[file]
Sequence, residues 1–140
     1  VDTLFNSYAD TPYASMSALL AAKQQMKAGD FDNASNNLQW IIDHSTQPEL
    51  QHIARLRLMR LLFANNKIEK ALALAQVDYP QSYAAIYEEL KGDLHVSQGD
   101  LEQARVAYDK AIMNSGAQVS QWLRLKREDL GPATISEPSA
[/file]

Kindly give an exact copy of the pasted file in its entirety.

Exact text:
Sequence, residues 1–140
     1  VDTLFNSYAD TPYASMSALL AAKQQMKAGD FDNASNNLQW IIDHSTQPEL
    51  QHIARLRLMR LLFANNKIEK ALALAQVDYP QSYAAIYEEL KGDLHVSQGD
   101  LEQARVAYDK AIMNSGAQVS QWLRLKREDL GPATISEPSA